Chapter 1


Referral of inquiry

1.1        On 2 December 2015, the Senate referred the following matter to the Foreign Affairs, Defence and Trade References Committee for inquiry and report by 1 May 2016:

Planned acquisition of the F-35 Lightning II (Joint Strike Fighter), with particular reference to:

  1. the future air defence needs that the aircraft is intended to fulfil;
  2. the cost and benefits of the program to Australia, including industrial costs and benefits received and forecast;
  3. changes in the acquisition timeline;
  4. the performance of the aircraft in testing;
  5. potential alternatives to the Joint Strike Fighter; and
  6. any other related matters.

Conduct of the inquiry

1.2        On 17 March 2016 the Senate agreed to extend the reporting date for the inquiry to 28 June 2016. On 9 May 2016 the inquiry lapsed with the dissolution of the Senate and the House of representatives for a general election on 2 July 2016. On
13 September 2016 the Senate agreed to re-adopt the inquiry with a reporting date of 13 October 2016.

1.3        The committee advertised the inquiry on its website and wrote to individuals and organisations likely to have an interest in the inquiry and invited them to make written submissions.

1.4        The committee received 57 submissions and 16 supplementary submissions to the inquiry. These submissions are listed at Appendix 1 and are published on the committee's website.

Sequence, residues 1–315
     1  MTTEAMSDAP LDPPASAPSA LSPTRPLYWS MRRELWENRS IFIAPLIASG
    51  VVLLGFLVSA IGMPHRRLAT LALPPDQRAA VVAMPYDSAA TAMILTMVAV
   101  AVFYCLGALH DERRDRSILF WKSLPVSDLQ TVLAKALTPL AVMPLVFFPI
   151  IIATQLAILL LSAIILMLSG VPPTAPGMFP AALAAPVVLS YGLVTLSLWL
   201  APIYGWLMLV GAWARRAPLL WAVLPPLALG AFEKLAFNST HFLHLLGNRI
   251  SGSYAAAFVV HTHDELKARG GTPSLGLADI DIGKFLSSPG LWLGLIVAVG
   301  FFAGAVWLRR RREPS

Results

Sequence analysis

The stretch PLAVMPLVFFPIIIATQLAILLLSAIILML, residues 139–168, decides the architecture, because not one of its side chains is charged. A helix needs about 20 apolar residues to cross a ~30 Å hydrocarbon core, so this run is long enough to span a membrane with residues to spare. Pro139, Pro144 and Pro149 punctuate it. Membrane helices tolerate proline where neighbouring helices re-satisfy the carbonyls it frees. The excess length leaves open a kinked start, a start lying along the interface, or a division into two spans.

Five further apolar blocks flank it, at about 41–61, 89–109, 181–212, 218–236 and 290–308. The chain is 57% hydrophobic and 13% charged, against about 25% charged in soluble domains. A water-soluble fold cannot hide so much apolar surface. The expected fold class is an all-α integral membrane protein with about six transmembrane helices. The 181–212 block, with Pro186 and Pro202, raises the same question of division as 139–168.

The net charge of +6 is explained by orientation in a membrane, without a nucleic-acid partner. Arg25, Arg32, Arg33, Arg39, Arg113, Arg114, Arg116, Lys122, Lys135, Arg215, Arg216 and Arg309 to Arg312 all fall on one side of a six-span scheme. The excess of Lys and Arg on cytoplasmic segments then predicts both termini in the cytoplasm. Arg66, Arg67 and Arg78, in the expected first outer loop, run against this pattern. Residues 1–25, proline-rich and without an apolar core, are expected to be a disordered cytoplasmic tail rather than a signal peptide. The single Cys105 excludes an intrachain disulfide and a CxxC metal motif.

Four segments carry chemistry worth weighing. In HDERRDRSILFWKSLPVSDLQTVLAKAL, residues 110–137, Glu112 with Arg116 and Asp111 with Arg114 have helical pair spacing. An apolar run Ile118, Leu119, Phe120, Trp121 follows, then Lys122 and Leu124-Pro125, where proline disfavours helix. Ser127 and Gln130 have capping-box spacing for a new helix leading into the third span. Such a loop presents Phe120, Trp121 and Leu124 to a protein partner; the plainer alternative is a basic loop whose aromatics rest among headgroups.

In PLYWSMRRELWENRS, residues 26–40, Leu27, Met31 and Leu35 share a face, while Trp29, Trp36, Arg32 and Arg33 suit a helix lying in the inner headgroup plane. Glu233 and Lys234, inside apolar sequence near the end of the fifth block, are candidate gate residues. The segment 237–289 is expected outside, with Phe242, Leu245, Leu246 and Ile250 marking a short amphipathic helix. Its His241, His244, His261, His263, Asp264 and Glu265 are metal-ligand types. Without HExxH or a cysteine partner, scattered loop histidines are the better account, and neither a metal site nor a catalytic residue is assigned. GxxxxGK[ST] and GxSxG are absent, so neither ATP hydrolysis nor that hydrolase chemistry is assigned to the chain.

1.5        The committee held one public hearing on 22 March 2016 in Canberra. The witnesses who appeared at the hearing are listed at Appendix 2 and the program and Hansard transcript of the hearing are published on the committee's website.

History of the Joint Strike Fighter in Australia

1.6        In 1999, Project AIR 6000 was established to acquire a new air combat capability to replace the Royal Australian Air Force (RAAF) F/A-18A/B fighter aircraft when they reached their life-of-type[1] around 2012-15, and the F-111 strike/reconnaissance aircraft when they reached their life-of-type in 2020.[2] The 2000 Defence White Paper confirmed the government's commitment to consider new air combat capability options stating that '[u]p to 100 new air combat aircraft' would be acquired, with the acquisition phase expected to start in 2006-07 and the 'first aircraft entering service in 2012'.[3]

1.7        In 2002, the US invited close allies, including Australia, to invest in the System Development and Demonstration Phase of its F-35 Program, 'where capability is developed, tested and evaluated resulting in capability expansion over time'. In June 2002, the Australian government 'decided in conjunction with the decision to join the F-35 System Development and Demonstration program, that the F-35A was the preferred aircraft to provide Australia's new air combat capability'. Defence advised that it also 'undertook to monitor other prospective candidates should the F-35 Program not develop as expected'. Defence noted that:

In making this decision Australia recognised the benefits of standardisation, rationalisation and interoperability associated with a cooperative program to satisfy similar operational requirements more affordably, as well as to provide industrial participation opportunities in global supply chains.[4]

1.8        In 2006, the Australian government considered the first stage (First Pass) for the AIR 6000 Phase 2A/B and agreed to Defence committing to the F-35 Production Sustainment and Follow-On Development Memorandum of Understanding, which provides the framework for ongoing partner engagement and obligations through the life of the F-35 capability following the completion of the System Development and Demonstration phase.[5]

1.9        In November 2009, the Australian government approved AIR 6000 Phase 2A/B Stage One (Second Pass) of the Australian Program to acquire: